Blog Post - Iran Matters

Decoding the Iran Nuclear Deal

Apr. 15, 2015

On April 2, 2015, the EU (on behalf of the P5+1 countries) and Iran announced agreement on “key parameters” for a comprehensive nuclear deal with Iran. The EU-Iran Joint Statement is buttressed by unilateral fact sheets issued by the U.S. and Iran, which provide further details of the framework accord.  Not surprisingly, differences have emerged between the U.S. and Iranian versions of the deal. These differences reflect both political spin and remaining issues that have not been resolved.  In the next phase of this process, the negotiators will seek to finalize a comprehensive agreement by June 30, 2015.

Blog Post - Iran Matters

The Iran Project Statement on the Announcement of a Framework for a Comprehensive Nuclear Agreement with Iran

Apr. 07, 2015

Graham Allison, Douglas Dillon Professor of Government and Director of the Belfer Center for Science and International Affairs, Nicholas Burns, Professor of Practice of Diplomacy and International Relations at the Harvard Kennedy School, Michele Flournoy, Senior Fellow at the Belfer Center and CEO of the Center for New American Security, James Cartwright, Senior Fellow at the Belfer Center, Joseph Nye, Harvard University Distinguished Service Professor, and Gary Samore, Executive Director for Research at the Belfer Center are all signatories of the Iran Project statement on the recently released framework agreement between Iran and the P5+1 regarding its nuclear program. The statement recognizes both the successes of the negotiations thus far, while also noting specific areas that require further progress.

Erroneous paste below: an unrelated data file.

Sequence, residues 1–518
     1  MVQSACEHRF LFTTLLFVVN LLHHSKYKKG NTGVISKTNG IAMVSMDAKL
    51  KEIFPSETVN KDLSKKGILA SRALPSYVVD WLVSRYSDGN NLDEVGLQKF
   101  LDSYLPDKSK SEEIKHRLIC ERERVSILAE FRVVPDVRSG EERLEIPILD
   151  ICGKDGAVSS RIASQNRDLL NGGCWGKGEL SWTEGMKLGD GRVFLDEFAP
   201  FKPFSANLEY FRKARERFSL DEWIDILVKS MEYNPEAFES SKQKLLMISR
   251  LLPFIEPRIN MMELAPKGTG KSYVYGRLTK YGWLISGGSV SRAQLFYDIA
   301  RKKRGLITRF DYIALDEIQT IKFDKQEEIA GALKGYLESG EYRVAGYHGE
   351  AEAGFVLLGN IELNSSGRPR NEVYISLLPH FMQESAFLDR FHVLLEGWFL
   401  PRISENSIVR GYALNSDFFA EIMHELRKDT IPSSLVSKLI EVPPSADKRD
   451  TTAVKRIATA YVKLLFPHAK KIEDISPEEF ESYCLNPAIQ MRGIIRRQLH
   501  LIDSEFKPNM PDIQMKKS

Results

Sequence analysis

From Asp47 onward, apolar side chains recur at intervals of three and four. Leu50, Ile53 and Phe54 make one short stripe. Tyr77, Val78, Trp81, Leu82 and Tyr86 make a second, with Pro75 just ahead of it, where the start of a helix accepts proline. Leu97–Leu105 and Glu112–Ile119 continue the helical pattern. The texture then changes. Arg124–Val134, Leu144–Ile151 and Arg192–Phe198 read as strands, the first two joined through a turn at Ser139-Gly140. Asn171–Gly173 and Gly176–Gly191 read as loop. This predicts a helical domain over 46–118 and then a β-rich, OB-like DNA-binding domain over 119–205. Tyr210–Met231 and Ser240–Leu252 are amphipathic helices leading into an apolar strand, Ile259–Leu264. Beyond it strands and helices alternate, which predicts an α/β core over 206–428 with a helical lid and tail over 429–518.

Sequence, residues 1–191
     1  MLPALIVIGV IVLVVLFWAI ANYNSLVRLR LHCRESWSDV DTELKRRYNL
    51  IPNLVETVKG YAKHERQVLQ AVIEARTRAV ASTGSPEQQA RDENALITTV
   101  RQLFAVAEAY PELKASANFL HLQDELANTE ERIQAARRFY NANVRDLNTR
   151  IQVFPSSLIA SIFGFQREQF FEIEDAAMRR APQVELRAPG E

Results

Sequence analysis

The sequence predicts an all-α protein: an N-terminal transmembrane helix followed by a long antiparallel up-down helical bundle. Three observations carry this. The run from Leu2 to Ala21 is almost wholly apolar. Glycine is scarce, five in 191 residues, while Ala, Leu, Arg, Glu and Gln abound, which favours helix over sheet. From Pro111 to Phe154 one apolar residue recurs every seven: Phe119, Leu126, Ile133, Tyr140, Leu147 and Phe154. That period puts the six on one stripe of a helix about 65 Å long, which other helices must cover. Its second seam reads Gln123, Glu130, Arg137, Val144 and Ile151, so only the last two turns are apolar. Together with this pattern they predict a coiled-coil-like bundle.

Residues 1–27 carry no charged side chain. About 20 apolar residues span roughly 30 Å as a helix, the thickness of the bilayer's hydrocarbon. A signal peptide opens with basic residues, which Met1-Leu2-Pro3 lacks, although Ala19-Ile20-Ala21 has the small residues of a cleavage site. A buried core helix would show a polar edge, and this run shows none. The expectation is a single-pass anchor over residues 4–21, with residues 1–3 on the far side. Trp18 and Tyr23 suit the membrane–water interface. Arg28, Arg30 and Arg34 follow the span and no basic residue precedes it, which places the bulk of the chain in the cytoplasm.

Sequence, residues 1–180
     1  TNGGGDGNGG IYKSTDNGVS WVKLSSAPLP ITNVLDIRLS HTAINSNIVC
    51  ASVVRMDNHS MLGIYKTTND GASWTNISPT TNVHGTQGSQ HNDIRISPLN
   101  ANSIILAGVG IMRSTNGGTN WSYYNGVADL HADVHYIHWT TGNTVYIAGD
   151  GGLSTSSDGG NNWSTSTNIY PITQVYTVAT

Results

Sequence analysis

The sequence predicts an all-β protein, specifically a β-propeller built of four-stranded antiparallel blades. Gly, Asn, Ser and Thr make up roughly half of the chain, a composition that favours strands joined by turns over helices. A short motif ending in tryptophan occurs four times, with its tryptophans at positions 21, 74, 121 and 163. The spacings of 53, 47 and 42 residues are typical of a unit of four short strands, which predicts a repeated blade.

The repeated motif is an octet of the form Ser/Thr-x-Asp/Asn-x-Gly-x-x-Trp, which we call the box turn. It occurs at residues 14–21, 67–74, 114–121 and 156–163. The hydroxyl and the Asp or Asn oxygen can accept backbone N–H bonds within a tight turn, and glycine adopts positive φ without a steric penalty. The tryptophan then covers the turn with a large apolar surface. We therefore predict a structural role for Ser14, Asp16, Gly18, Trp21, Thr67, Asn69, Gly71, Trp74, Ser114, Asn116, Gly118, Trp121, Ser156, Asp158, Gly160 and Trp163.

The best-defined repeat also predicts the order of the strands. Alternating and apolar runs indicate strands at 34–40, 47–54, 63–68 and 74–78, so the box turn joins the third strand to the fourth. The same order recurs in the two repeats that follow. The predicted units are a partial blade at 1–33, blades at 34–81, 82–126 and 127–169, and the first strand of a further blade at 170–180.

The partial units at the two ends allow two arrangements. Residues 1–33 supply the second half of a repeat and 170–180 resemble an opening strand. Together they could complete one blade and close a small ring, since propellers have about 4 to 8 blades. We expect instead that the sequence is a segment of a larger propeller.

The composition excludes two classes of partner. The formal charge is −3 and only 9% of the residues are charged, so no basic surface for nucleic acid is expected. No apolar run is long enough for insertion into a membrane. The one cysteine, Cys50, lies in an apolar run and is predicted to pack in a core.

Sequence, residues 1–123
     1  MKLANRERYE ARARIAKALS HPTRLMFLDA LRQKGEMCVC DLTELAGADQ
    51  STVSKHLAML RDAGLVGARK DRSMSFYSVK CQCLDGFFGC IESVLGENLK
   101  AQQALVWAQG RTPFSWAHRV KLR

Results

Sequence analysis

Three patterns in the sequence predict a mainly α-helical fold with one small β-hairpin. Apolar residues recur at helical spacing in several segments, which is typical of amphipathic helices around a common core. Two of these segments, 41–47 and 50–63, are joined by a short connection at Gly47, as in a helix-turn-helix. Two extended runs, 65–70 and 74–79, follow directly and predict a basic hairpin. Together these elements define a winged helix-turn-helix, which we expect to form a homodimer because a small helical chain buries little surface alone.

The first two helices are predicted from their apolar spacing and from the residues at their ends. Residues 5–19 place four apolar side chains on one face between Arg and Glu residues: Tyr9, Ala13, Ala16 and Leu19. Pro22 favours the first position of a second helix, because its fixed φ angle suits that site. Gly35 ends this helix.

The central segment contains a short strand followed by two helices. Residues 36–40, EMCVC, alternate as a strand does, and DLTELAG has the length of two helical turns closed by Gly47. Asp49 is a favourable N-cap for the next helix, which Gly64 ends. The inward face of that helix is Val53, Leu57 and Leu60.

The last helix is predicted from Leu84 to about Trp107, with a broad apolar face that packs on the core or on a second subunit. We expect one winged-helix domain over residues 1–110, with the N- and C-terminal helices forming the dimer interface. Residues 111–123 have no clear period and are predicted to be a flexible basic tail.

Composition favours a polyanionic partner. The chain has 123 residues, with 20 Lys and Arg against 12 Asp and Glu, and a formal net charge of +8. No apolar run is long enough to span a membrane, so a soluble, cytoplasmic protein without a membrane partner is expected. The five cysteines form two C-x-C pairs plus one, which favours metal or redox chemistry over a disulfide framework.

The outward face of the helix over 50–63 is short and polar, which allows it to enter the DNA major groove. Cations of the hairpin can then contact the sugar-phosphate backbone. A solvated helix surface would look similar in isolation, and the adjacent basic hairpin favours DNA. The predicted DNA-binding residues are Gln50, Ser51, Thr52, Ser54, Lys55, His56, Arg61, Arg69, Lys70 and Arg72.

Blog Post - Iran Matters

Belfer Center scholars weigh the extension of negotiations with Iran past November 24th

Eight members of the Belfer Center's Iran Working Group—Graham Allison, Stephen Bosworth, Chuck Freilich, Nader Habibi, Martin Malin, Payam Mohseni, Gary Samore, and William Tobey—comment on the extension of nuclear negotiations with Iran beyond November 24th and consider potential determinants of the talks'  success in the coming months.

Blog Post - Iran Matters

Iran nuclear talks headed for overtime, predict experts

Nov. 19, 2014

Laura Rockwood, Senior Research Fellow in the Project on Managing the Atom at the Belfer Center, discusses the likely outcome of the current phase of Iranian nuclear negotiations, which conclude on November 24th, in an interview with Deutsche Welle. She doubts that a full comprehensive agreement will be reached on the 24th, and argues that some extension of the Joint Plan of Action (JPA) will continue with an extension of the negotiations.